US companies are keeping more of their profits offshore, choosing overseas tax havens amid talk in Washington about closing corporate tax loopholes, The Wall Street Journal reported Monday.
The business newspaper said its analysis of 60 big American companies had found that they had collectively parked a total of $166 billion offshore last year.
That shielded more than 40 percent of their annual profits from US taxes, the report said.
Each of the 60 companies chosen for the analysis had held at least $5 billion offshore in 2011, according to The Journal.
Spaniards hold mass street protests against austerity government
Angry workers staged mass demonstrations in Spanish cities on Sunday, protesting the country's high unemployment rate and demanding political reform.
Thousands of demonstrators including health, transport and administrative workers marched in central Madrid and Barcelona, to the din of horns, drums and yells of "Government resign!"
Similar demos were called in 60 cities in a nationwide movement led by the two main trade unions, CCOO and UGT, and a wide collective of other civil groups.
They were the latest in months of strikes and protests against Prime Minister Mariano Rajoy's austere economic reforms in a recession that has driven the unemployment rate over 26 percent.
Sunday's actions were called "against unemployment and for the renewal of democracy," the UGT said in a statement.
Fukushima's Fallout Is Already Harming Our Children
Thyroid abnormalities have now been confirmed among tens of thousands of children downwind from Fukushima. They are the first clear sign of an unfolding radioactive tragedy that demands this industry be buried forever.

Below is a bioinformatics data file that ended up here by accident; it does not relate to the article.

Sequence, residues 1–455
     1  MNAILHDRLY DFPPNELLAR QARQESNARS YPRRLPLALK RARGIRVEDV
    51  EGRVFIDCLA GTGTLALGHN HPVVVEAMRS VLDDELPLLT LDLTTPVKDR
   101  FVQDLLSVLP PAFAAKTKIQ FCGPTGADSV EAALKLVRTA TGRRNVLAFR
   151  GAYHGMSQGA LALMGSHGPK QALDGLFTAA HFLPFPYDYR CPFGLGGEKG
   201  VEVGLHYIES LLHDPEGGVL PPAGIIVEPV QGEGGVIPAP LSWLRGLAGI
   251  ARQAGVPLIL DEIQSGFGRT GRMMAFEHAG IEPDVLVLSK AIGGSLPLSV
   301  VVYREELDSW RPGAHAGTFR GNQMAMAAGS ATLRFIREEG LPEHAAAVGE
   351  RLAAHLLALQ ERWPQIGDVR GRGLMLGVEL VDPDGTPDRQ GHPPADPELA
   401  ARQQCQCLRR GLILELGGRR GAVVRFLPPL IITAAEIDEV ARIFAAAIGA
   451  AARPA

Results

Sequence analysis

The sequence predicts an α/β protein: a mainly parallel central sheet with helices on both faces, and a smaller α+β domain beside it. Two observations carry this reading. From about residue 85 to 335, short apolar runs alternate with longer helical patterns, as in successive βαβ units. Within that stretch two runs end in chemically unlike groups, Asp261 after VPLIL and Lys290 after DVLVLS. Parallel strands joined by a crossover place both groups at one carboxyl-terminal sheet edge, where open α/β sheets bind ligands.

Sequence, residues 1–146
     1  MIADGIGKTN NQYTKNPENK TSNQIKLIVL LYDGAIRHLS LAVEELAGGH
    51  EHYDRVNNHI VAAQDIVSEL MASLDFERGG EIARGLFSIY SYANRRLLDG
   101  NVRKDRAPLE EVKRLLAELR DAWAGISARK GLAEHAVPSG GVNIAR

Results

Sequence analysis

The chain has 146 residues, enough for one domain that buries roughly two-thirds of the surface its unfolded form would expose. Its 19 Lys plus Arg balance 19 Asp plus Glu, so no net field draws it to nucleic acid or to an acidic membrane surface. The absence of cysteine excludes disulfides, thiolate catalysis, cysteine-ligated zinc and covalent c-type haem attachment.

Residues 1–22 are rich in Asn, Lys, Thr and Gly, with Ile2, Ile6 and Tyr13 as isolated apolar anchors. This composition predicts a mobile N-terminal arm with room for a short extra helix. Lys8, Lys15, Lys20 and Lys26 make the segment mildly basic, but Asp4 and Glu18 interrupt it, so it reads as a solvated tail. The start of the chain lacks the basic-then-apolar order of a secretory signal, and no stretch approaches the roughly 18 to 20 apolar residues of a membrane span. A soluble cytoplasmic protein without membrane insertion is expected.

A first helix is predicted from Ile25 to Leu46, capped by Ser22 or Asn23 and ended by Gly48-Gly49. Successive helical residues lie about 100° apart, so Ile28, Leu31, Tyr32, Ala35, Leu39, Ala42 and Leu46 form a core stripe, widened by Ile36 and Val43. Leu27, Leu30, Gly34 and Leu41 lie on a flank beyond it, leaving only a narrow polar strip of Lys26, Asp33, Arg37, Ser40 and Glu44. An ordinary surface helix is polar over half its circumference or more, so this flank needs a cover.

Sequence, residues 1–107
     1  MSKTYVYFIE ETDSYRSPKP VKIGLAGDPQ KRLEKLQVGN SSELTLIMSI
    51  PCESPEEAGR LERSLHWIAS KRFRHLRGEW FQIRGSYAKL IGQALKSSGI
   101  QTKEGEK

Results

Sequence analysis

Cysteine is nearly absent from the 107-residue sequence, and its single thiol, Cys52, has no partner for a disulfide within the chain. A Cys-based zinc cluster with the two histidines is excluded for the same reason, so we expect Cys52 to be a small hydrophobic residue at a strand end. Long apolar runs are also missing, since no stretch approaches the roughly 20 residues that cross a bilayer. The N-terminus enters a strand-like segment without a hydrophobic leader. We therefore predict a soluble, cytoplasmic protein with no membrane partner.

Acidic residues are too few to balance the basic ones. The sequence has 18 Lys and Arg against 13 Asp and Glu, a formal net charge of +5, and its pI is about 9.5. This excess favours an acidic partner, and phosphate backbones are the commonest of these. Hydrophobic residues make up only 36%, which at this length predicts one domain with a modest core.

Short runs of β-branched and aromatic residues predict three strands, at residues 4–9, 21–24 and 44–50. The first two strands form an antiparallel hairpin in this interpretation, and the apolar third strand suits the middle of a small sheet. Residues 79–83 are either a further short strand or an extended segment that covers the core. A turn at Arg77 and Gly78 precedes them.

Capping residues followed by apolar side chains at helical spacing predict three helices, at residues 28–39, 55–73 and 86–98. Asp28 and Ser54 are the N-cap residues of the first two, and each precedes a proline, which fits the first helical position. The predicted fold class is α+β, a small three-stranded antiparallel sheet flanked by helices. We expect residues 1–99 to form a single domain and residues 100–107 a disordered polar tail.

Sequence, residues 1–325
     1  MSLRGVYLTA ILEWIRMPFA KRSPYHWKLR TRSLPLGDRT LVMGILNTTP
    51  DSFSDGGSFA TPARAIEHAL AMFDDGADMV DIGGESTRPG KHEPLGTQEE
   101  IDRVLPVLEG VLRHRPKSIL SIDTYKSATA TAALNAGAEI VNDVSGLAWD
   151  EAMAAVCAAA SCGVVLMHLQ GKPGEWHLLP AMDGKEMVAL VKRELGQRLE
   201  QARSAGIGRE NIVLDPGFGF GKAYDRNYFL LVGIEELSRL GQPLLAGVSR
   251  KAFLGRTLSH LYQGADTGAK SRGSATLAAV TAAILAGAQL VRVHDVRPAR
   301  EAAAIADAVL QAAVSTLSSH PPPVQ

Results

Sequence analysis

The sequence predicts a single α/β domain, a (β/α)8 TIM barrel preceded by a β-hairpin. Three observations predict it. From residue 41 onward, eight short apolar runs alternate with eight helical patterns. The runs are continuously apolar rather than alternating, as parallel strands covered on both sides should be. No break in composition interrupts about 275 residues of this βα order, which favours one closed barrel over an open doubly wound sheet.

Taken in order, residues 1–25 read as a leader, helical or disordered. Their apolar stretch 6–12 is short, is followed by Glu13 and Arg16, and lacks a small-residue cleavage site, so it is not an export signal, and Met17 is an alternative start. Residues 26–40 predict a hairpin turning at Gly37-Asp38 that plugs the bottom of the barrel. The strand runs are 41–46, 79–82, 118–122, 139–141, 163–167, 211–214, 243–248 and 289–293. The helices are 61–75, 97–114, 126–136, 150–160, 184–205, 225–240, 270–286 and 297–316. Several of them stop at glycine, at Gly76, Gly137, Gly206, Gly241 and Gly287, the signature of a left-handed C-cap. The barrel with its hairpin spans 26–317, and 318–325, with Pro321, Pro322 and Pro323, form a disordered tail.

Two years after Fukushima exploded, three still-smoldering reactors remind us that the nuclear power industry repeatedly told the world this could never happen. ...
Last month the Fukushima Prefecture Health Management Survey acknowledged a horrifying plague of thyroid abnormalities, thus far afflicting more than forty percent of the children studied.
The survey sample was 94,975. So some 38,000 children are already cursed with likely health problems. ...
Fukushima's airborne fallout came to our west coast within a week of the catastrophe. It's a virtual certainty American children are being affected. As health researcher Joe Mangano puts it: "Reports of rising numbers of West Coast infants with under-active thyroid glands after Fukushima suggest that Americans may have been harmed by Fukushima fallout. Studies, especially of the youngest, must proceed immediately."
Blog Posts of Interest
Here are diaries and selected blog posts of interest on DailyKos and other blogs.What's Happenin'
hat tip to oaktown girl:
A Little Night Music
Ronnie Earl - T-Bone Boogie
Ronnie Earl & the Broadcasters - Blues For the West Side
Roomful of Blues w/Ronnie Earl- 3 Hours Past Midnight
Ronnie Earl & the Broadcasters - Rush Hour
Ronnie Earl with Bobby Radcliff - A Man and the Blues
Jimmie Vaughan & Ronnie Earl "Texas Flood"
Ronnie Earl & The Broadcasters - You Give Nothing But the Blues
Ronnie Earl with Bobby Radcliff - All Your Love
Ronnie Earl - Backstroke
Ronnie Earl - Bobby's Bop
Fabulous Thunderbirds w/Ronnie Earl - Stranded In St. Louis
It's National Pie Day!
The election is over, it's a new year and it's time to work on real change in new ways... and it's National Pie Day. This seemed like the perfect opportunity to tell you a little more about our new site and to start getting people signed up.
Come on over and sign up so that we can send you announcements about the site, the launch, and information about participating in our public beta testing.
Why is National Pie Day the perfect opportunity to tell you more about us? Well you'll see why very soon. So what are you waiting for?! Head on over now and be one of the first!